The astonishing price-rise in Bitcoins over the past few years has fired the imagination of investors across the world. The rally has brought unimaginable wealth for many early holders of cryptocurrency, and the Governments to take notice of its existence!
The idea of cryptocurrencies has been around since 1998 when computer scientists like Wei Dai came up with the concept of ‘virtual money’ that would be free from the control of central authorities and would rely on computer encryption for transactions and creations. Bitcoin was the first implementation of this concept.
Bitcoin a cryptocurrency, a type of digital money uses digital encryption to secure transactions and regulate the creation of new units and is not controlled by central banks or governments. Bitcoin is peer to peer based on its value determined by simple demand-supply. Only 21 million Bitcoins can ever exist, out of which some 16 million are already in use currently and it can be purchased from individuals or online ‘exchanges’ against paper currency.
While this decentralization renders Bitcoin free from government manipulation or interference, the flipside is that there is no central authority to ensure that things run smoothly or to back the value of a Bitcoin. Bitcoins are created digitally through a “mining” process that requires powerful computers to solve complex algorithms and crunch numbers.
Bitcoin functions through a technology called Blockchain- a kind of open ledger that gets updated in real time. Each bitcoin transaction on the network can be traced on this Blockchain; a new block is effectively added every time a transaction is made. Each node in the network helps to maintain this record. Ever since its first rollback in 2009, every transaction is on record and anyone who joins the Bitcoin network can crosscheck the transactions and help maintain these blocks. There is no one central network management of this.
Bitcoin relies on what is known as elliptic curve cryptography, a form of encryption in which each digital signature has a public key and a private key.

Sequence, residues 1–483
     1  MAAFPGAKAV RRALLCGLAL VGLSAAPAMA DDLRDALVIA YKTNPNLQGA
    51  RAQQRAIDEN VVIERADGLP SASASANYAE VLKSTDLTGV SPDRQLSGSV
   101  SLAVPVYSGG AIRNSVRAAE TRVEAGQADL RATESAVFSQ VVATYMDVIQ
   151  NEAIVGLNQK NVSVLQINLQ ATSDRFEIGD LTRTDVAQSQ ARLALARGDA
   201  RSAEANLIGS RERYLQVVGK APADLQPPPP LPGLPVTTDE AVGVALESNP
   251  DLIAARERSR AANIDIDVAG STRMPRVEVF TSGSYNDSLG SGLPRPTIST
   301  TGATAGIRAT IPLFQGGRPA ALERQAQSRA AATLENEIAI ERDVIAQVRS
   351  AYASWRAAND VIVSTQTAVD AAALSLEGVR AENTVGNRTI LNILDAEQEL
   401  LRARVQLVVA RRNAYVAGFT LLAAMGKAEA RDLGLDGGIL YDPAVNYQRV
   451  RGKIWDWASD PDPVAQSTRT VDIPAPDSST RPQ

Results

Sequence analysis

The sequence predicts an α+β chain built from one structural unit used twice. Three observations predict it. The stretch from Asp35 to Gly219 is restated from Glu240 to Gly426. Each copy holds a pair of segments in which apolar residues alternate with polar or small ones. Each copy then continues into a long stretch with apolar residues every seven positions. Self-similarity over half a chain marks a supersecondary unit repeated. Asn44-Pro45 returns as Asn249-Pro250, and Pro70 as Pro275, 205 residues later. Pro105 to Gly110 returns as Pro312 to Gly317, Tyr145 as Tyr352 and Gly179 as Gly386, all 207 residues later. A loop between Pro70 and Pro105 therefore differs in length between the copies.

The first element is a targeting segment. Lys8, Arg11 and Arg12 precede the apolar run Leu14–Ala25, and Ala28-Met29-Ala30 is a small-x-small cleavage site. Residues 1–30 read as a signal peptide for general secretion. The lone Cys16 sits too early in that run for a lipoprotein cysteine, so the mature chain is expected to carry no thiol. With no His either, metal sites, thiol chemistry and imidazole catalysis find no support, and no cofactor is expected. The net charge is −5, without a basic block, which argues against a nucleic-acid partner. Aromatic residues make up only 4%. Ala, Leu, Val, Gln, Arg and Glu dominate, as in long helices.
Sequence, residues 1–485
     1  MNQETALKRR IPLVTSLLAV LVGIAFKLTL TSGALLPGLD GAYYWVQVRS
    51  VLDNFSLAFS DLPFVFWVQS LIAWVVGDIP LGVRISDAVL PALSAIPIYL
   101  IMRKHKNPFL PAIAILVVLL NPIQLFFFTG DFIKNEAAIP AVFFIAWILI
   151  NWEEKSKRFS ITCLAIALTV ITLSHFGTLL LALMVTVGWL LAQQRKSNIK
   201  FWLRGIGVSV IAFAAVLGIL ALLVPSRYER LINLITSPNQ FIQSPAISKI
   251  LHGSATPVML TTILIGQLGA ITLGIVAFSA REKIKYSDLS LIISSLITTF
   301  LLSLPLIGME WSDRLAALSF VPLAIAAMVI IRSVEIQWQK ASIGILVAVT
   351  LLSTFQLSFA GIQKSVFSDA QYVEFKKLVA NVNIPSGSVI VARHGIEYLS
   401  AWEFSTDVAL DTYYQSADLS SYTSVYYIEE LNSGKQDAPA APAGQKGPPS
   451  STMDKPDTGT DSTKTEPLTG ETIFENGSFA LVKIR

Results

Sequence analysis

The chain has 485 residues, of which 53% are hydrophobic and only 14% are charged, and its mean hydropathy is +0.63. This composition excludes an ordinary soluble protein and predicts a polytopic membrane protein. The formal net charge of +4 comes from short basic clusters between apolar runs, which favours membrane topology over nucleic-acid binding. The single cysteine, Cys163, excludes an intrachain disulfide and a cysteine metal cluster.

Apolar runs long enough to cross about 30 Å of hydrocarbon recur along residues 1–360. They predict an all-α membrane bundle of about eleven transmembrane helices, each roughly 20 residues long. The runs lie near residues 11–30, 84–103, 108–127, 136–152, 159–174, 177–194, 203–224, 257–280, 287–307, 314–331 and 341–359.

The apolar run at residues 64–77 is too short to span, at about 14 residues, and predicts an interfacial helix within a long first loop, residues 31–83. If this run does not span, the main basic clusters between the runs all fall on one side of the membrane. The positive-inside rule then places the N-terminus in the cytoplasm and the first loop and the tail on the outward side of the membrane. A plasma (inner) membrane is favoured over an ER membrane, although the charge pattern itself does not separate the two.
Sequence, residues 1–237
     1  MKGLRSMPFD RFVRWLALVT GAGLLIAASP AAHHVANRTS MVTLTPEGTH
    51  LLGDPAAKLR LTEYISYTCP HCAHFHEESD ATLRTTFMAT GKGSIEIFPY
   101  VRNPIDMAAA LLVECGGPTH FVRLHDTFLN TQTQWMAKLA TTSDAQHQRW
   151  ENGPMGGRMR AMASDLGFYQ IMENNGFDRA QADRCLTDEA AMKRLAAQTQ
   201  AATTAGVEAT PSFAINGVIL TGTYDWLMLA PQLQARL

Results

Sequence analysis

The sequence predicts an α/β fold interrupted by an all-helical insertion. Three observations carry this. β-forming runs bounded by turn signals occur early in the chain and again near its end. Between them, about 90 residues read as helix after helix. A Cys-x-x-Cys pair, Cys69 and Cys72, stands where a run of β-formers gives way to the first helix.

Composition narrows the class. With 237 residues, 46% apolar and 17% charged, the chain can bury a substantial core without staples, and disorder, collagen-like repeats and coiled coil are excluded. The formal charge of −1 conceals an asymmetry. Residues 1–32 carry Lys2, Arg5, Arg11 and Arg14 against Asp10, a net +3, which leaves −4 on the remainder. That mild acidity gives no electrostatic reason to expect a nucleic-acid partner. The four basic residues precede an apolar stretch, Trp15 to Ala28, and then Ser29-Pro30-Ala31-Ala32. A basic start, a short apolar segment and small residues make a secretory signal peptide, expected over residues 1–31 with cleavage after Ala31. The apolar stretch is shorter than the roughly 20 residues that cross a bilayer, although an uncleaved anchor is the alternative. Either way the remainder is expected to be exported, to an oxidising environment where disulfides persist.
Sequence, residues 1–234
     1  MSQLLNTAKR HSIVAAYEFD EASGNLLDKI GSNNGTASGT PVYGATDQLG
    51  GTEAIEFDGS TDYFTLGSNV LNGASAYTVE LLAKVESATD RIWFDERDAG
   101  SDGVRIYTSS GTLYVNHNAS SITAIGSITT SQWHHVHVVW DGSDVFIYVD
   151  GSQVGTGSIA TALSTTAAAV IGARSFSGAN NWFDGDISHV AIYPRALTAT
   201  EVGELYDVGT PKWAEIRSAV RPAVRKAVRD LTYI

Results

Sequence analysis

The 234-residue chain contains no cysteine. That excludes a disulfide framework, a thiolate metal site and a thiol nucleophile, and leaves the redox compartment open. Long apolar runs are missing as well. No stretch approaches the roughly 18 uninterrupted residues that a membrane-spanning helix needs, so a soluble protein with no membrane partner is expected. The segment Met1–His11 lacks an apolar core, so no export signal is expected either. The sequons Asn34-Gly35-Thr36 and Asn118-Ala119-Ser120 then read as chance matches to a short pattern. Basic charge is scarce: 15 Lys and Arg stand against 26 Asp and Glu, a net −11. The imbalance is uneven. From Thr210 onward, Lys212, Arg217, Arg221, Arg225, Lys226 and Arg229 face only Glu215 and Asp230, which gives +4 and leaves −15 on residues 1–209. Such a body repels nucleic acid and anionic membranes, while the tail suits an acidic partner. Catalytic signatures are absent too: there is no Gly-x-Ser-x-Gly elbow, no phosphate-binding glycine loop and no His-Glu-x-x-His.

How does it work?
- Say, A has a bitcoin wallet and wants to send money to B. He asks for a transaction, which takes the form of a block on Blockchain.
- This transaction is then broadcast to the other computers in the network.
- The network of computers verifies the transaction through complex mathematical procedures. Miners get a minor of a transaction as fees.
- Once the transaction is verified, the new block is added to the existing Blockchain. This is a permanent addition.
- After the block added to Blockchain, the money is transferred from A to B. The transaction is recorded forever.
The Blockchain technology behind Bitcoin was designed to do away with banks. The intention was to trade globally at no cost, without revealing identity. It revealed a suspicion and criticism of the banking system in the aftermath of the global financial crisis of 2008.
Bitcoin in India
Quoting the recent comment by Arun Jaitley, the Finance Minister of India: “A committee under the chairmanship of Secretary, Department of Economic Affairs, is deliberating over all issues related to cryptocurrencies,” and that “The Government does not consider cryptocurrencies to be legal tender.”
Zebpay, CoinDelta, CoinSecure, etc trade in Bitcoins, India does not specifically ban Bitcoin trading but has repeatedly warned the public against cryptocurrencies. The RBI has so far issued three press releases – on December 5, 2017, February 1, 2017, December 23, 2013- cautioning against “potential economic, financial, operational, legal customer protection and security related risks associated in dealing with virtual currencies.